Harry Rothwell, manager of AllCanes sporting goods near campus, said he gives Shalala “high marks” for how she handled the mess.
“Donna gained a lot of respect when she finally lashed out at the NCAA back in February,” Rothwell said. “Some people wished she had done it sooner, but she had a plan. The time came when she said, ‘Enough is enough! Stop bashing our program, give us credit for all our self-sanctions and be fair.’ When she did that, UM fans thought, ‘Wow, this lady doesn’t play around.’ I think we are all breathing a sigh of relief and benefiting today because of the way she and the whole administration handled everything.”
Her strongest statements came the week of Feb. 18, when the school received its notice of allegations from the NCAA. She said at the time: “We believe strongly in the principles and values of fairness and due process. However, we have been wronged in this investigation, and we believe that this process must come to a swift resolution, which includes no additional punitive measures beyond those already self-imposed.”
She took a calculated risk by criticizing the NCAA publicly, a pre-emptive strike that cast the Hurricanes as victims in the seemingly never-ending investigation.
“The lengthy and already flawed investigation has demonstrated a disappointing pattern of unprofessional and unethical behavior,” Shalala said. “Many of the charges brought forth are based on the word of a man who made a fortune by lying. . . .
“Most of the sensationalized media accounts of Shapiro’s claims are found nowhere in the Notice of Allegations. Despite their efforts over 2 ½ years, the NCAA enforcement staff could not find evidence of prostitution, expensive cars for players, expensive dinners paid for by boosters, player bounty payments, rampant alcohol and drug use or the alleged hundreds of thousands of dollars in cash and gifts given to student-athletes, as reported in the media. The fabricated story played well — the facts did not.”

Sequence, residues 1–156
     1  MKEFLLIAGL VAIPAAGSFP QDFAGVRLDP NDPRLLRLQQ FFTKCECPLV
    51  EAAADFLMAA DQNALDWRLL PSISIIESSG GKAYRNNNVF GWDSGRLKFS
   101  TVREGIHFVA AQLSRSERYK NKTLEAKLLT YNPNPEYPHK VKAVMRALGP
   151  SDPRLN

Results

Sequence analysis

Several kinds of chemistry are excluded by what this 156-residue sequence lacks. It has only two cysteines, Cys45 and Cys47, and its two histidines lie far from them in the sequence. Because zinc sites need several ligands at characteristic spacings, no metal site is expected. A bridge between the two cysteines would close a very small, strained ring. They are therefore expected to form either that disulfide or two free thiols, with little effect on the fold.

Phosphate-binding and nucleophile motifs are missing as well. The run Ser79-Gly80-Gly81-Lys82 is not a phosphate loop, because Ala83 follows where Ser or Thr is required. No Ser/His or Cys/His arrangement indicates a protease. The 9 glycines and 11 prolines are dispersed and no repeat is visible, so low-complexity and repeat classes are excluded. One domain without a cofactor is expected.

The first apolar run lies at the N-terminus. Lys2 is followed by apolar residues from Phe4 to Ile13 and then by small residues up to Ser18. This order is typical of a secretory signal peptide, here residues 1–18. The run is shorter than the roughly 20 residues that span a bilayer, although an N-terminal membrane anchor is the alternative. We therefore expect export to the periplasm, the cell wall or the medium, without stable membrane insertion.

Shalala expressed relief Tuesday that the NCAA cloud had been lifted, and she accepted the punishment. She can live with a reduction of nine football scholarships over three years, three basketball scholarships over three years, and various other recruiting restrictions.
“While we would have preferred just to get the sanctions we already imposed, having read the report and gone through the hearing, I think what they gave us was fair,” she said.
She said that the athletic department had “suffered greatly” through the investigation and the uncertainty.
“The recruiting was directly affected by both the infractions and failure to obey the rules by our own coaches and student-athletes and our admission of those failures,” she said.
“As both [UM basketball coach] Jim Larranaga and [football coach] Al Golden have reported, recruiting was directly affected. Since I’m involved in the recruiting process for all the student-athletes, I can tell you the parents asked about it. So, I think, more than anything else, the athletic program suffered greatly as much by the timeline as anything else. But we were responsible, and it was very clear we broke NCAA rules and we admitted that and were penalized appropriately for it.”